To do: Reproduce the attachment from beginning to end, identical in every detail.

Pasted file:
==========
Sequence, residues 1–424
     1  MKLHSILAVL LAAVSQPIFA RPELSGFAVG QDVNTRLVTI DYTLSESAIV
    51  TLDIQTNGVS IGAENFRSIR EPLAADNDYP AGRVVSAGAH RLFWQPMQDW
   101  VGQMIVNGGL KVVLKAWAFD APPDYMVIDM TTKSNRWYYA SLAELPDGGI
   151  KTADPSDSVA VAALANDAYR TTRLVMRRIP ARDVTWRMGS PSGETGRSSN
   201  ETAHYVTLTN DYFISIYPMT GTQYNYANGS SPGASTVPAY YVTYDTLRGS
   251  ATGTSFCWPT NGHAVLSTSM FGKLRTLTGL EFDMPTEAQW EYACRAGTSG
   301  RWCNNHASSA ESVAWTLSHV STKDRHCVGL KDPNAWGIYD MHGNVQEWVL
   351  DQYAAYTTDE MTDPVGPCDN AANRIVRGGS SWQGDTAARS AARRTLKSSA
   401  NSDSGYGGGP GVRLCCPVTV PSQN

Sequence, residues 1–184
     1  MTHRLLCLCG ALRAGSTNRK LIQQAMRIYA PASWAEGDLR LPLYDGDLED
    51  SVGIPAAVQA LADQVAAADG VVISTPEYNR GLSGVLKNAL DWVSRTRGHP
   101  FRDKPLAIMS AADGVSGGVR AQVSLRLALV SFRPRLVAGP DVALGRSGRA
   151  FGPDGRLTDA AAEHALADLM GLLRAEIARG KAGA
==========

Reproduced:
Sequence, residues 1–424
     1  MKLHSILAVL LAAVSQPIFA RPELSGFAVG QDVNTRLVTI DYTLSESAIV
    51  TLDIQTNGVS IGAENFRSIR EPLAADNDYP AGRVVSAGAH RLFWQPMQDW
   101  VGQMIVNGGL KVVLKAWAFD APPDYMVIDM TTKSNRWYYA SLAELPDGGI
   151  KTADPSDSVA VAALANDAYR TTRLVMRRIP ARDVTWRMGS PSGETGRSSN
   201  ETAHYVTLTN DYFISIYPMT GTQYNYANGS SPGASTVPAY YVTYDTLRGS
   251  ATGTSFCWPT NGHAVLSTSM FGKLRTLTGL EFDMPTEAQW EYACRAGTSG
   301  RWCNNHASSA ESVAWTLSHV STKDRHCVGL KDPNAWGIYD MHGNVQEWVL
   351  DQYAAYTTDE MTDPVGPCDN AANRIVRGGS SWQGDTAARS AARRTLKSSA
   401  NSDSGYGGGP GVRLCCPVTV PSQN

Sequence, residues 1–184
     1  MTHRLLCLCG ALRAGSTNRK LIQQAMRIYA PASWAEGDLR LPLYDGDLED
    51  SVGIPAAVQA LADQVAAADG VVISTPEYNR GLSGVLKNAL DWVSRTRGHP
   101  FRDKPLAIMS AADGVSGGVR AQVSLRLALV SFRPRLVAGP DVALGRSGRA
   151  FGPDGRLTDA AAEHALADLM GLLRAEIARG KAGA